Two brothers of opposite natures find themselves entwined in the story of their uncle’s fateful love and its offspring, with fatal consequences.
The spell was broken. Amidst a fanfare that lasted a long time, the glasses clinked, most of the gentlemen joined in the call, and Werner even dared approaching Louise, and drinking to her in jubilation. When he returned to his place, the current of conversation was flowing along regularly again. One listened to the foreign baron, who explained curtly and disconnectedly all sorts of interesting details from his adventurous travels.
“So here in the country is your home?”, asked Mrs von Kirchdorf with a long look at the dark face of her neighbour. “Are the memories which seem to occasionally anchor you to this little clod of soil strong enough to hold the restless wanderer permanently?”
The stranger measured the pale woman with a strange smile.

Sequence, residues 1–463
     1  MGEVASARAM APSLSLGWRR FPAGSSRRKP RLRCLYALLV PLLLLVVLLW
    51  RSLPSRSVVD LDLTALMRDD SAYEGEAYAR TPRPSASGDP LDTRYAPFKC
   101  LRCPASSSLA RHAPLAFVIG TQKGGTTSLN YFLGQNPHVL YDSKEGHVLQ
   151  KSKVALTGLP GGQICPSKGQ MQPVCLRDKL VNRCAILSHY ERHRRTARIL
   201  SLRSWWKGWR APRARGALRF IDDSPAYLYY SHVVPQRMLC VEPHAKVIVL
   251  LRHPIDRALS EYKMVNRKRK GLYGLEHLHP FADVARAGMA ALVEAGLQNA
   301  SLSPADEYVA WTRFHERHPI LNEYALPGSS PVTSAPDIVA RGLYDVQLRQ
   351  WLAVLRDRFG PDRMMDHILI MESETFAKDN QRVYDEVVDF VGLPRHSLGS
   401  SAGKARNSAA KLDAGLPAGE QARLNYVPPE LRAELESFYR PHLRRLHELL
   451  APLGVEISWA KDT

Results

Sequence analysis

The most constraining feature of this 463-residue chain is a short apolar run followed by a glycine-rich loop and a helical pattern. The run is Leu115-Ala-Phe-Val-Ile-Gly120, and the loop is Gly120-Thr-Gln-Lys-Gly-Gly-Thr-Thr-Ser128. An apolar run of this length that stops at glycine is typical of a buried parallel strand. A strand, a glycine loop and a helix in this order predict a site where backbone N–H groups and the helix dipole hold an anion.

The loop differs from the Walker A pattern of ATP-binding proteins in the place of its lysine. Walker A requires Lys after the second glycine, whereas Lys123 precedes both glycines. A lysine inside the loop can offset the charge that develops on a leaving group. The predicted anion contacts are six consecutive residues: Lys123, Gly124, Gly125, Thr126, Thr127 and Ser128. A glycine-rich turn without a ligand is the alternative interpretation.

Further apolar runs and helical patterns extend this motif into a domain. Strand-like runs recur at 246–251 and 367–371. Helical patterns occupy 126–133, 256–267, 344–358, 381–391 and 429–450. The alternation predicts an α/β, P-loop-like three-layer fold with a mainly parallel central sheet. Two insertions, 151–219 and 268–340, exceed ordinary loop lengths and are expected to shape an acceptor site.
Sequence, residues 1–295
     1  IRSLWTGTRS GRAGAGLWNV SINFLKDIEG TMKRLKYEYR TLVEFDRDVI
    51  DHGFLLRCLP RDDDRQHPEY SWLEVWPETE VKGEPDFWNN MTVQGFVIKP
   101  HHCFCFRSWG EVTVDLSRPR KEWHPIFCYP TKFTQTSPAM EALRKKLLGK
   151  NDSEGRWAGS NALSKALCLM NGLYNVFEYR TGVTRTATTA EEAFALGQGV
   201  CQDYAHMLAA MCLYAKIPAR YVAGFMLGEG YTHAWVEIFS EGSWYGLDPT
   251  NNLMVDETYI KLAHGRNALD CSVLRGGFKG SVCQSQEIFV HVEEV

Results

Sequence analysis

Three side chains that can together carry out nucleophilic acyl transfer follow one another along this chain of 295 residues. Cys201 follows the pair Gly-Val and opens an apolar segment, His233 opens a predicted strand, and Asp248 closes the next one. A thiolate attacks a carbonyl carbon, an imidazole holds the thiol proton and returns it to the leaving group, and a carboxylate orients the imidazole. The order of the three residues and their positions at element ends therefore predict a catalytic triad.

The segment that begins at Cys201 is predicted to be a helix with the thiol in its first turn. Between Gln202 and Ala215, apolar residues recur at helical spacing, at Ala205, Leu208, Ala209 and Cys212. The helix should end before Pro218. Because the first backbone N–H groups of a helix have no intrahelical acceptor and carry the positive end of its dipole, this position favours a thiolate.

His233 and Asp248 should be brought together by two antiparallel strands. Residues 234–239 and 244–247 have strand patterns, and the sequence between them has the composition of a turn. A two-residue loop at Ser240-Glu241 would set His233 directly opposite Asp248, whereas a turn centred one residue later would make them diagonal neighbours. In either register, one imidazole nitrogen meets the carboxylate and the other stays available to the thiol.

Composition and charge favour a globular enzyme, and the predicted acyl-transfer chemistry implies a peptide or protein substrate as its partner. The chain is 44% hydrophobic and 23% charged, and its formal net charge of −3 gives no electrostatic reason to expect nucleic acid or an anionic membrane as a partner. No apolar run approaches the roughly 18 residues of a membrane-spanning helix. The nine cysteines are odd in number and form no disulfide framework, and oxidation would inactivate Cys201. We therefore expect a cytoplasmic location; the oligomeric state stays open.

“Memories, gracious lady.” He laughed loudly. “In fact, the German folk are the nation of emotion. The farmer here in the country would by no means remove a boulder from his field if the stone had already bothered his forefathers — by no means at all! The boulder has become his good friend on which his children and grandchildren will yet clamber up, and the people of Neuburg would become bloody revolutionaries if you wanted to take from them their bumpy cobblestone, only because this cobblestone gives arise to the sweet memories of their grandfather’s massive boots. Everywhere is bursting with emotion. I assure you, gracious lady, that I neither intend to kiss the sand on which I rolled around years ago, nor will I pluck the flowers of the field paths on which I first stole blushing after a beautiful girl. Despise me, for only a cool, smooth business leads me here, and I will finish it off without emotion, only with cool, gleaming gold!”